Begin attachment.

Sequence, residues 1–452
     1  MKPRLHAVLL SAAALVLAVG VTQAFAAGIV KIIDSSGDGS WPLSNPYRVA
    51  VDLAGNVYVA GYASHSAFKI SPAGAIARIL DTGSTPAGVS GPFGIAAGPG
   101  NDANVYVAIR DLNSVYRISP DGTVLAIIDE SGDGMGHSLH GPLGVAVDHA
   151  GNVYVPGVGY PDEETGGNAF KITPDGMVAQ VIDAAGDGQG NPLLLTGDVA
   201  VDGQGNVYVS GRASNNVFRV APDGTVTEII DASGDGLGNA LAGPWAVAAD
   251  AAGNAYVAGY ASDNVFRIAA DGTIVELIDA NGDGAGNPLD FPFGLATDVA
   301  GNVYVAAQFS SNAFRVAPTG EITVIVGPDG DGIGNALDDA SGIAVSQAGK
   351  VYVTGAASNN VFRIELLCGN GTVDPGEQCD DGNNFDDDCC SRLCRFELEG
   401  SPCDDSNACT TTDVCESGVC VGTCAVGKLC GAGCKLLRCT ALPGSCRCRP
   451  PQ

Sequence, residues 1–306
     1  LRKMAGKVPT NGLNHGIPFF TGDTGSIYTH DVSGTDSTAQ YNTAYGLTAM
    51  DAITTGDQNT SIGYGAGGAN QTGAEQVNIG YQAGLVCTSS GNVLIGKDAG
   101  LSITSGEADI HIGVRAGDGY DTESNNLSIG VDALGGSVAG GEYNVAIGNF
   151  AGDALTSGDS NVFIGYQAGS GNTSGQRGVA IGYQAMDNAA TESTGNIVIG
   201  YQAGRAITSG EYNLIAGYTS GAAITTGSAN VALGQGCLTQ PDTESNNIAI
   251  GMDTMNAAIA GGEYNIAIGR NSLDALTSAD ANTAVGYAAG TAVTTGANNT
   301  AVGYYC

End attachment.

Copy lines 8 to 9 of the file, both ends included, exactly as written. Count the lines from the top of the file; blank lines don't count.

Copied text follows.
   301  GNVYVAAQFS SNAFRVAPTG EITVIVGPDG DGIGNALDDA SGIAVSQAGK
   351  VYVTGAASNN VFRIELLCGN GTVDPGEQCD DGNNFDDDCC SRLCRFELEG